Hypothetical expected returns have certain limitations, are discussed for illustrative purposes only and it should not be assumed that actual results will match the hypothetical expected returns referred to. Unlike actual performance, hypothetical expected returns do not represent actual trading and since trades have not been executed, the results shown may have under or overcompensated for the impact, if any, of certain unforeseen market factors. Hypothetical expected returns, whether back tested or forecasted, have many inherent limitations and no representation is being made that any account will or is likely to achieve the results expected. In fact, there are frequently material differences between hypothetical expected results and actual results achieved. One of the limitations of hypothetical expected results is that they do not take into account that material market factors may have impacted the adviser’s decision-making process if the firm were actually trading clients’ accounts. Also, when calculating the hypothetical expected returns, the adviser has the ability to change certain assumptions and criteria in order to reflect better returns. There are numerous other factors related to the markets in general or to the implementation of any specific investment strategy that cannot be fully accounted for in the preparation of hypothetical expected results, all of which can adversely affect actual trading and performance. Importantly, it should not be assumed that investors who actually invest in this strategy will have positive returns or returns that equal either the hypothetical expected results expected. In addition, performance can and does vary between individuals.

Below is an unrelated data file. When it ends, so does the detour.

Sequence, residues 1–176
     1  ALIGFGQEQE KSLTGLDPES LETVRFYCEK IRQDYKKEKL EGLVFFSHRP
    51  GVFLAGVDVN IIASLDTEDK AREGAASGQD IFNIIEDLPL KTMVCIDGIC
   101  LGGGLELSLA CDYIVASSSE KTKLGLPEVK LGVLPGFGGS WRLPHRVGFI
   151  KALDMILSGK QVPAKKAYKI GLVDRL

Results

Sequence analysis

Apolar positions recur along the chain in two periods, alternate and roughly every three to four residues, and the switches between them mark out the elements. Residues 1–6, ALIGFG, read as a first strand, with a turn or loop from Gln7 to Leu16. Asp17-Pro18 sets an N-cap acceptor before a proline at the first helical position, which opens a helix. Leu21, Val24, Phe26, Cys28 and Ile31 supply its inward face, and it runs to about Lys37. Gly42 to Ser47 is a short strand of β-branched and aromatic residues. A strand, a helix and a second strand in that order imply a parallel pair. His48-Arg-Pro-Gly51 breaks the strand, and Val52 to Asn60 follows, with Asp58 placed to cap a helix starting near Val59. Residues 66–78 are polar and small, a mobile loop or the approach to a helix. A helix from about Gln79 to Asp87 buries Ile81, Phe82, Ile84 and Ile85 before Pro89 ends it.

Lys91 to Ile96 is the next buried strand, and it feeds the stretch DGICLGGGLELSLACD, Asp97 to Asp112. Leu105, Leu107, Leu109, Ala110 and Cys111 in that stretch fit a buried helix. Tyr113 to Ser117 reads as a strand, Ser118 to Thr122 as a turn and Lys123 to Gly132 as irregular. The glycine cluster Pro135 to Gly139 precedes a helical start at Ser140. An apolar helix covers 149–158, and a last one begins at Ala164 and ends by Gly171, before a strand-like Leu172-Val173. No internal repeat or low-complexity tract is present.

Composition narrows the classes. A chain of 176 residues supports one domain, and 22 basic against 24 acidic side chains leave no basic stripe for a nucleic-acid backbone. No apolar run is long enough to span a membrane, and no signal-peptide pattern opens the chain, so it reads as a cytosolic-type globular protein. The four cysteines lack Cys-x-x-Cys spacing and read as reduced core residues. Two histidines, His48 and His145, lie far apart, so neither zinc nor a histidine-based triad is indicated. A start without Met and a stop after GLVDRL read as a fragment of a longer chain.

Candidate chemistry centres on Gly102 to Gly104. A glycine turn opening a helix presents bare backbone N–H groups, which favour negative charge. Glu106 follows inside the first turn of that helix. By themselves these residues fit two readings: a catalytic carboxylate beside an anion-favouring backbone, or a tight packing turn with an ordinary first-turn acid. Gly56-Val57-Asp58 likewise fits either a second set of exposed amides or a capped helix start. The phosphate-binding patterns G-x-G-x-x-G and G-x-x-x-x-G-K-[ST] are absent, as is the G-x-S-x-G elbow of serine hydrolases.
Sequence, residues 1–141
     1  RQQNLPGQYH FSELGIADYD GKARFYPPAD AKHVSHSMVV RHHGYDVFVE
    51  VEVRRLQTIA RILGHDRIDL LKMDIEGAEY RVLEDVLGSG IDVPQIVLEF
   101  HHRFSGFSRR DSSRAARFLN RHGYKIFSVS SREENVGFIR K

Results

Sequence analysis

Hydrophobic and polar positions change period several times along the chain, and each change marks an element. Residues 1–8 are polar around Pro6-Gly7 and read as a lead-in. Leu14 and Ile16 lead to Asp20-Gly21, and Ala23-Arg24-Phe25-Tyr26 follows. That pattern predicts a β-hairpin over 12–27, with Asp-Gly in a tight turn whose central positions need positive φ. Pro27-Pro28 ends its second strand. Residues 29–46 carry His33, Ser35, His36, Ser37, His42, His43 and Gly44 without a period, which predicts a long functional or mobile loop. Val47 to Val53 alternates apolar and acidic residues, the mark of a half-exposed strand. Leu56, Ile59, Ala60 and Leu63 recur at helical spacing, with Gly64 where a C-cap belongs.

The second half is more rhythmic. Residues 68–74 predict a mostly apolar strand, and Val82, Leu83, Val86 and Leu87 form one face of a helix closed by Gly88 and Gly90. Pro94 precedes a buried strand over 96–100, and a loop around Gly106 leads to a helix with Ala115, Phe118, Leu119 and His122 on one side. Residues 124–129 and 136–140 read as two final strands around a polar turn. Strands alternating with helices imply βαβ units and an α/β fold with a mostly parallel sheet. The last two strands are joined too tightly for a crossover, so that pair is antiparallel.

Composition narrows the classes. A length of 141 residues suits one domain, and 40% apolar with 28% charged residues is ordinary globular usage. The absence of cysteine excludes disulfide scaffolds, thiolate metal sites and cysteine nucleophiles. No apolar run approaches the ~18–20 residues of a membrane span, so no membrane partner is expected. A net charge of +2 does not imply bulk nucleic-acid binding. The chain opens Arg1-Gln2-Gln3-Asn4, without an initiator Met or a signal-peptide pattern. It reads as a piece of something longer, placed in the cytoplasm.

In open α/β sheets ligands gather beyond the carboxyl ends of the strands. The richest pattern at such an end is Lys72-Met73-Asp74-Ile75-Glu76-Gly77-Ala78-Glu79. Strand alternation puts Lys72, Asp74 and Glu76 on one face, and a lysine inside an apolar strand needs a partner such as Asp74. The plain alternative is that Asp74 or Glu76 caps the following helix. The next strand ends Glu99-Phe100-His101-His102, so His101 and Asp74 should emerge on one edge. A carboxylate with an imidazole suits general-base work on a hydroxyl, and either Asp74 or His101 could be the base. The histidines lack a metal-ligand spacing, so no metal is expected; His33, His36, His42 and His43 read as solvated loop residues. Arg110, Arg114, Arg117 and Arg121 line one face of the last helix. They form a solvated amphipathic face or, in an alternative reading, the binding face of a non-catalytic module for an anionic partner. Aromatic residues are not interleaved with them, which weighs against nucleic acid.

In reviewing the performance information presented here, we recommend that you consider both the returns generated and the level of risk that was assumed in generating those results. We believe that performance information cannot be properly assessed without understanding the amount of risk that was taken in delivering that performance.

Frontier provides model strategies to various investment advisory firms and does not manage those models on a discretionary basis. The performance and holdings of model strategies may vary from strategies managed by Frontier.

Inflation is the decline of purchasing power of a given currency over time. A quantitative estimate of the rate at which the decline in purchasing power occurs can be reflected in the increase of an average price level of a basket of selected goods and services in an economy over some period of time. The rise in the general level of prices often expressed as a percentage, means that a unit of currency effectively buys less than it did in prior periods.

© Morningstar 2024. All rights reserved. Use of this content requires expert knowledge. It is to be used by specialist institutions only. The information contained herein: (1) is proprietary to Morningstar and/or its content providers; (2) may not be copied, adapted, or distributed; and (3) is not warranted to be accurate, complete, or timely. Neither Morningstar nor its content providers are responsible for any damages or losses arising from any use of this information, except where such damages or losses cannot be limited or excluded by law in your jurisdiction. Past financial performance is no guarantee of future results.

It is generally not possible to invest directly in an index. Exposure to an asset class or trading strategy or other category represented by an index is only available through third-party investable instruments (if any) based on that index.

Frontier Asset Management, LLC is a Registered Investment Advisor. Frontier’s ADV Brochure and Form CRS are available at no charge by request at info@frontierasset.com or 307.673.5675 and are available on our website frontierasset.com. They contain important disclosures and should be read carefully.

ASSET CLASS INDEX INDEX DESCRIPTION
U.S. Large Cap Equity S&P 500 / Nasdaq Composite Index Represents US large company stocks.

 

20240112.32132

Related Content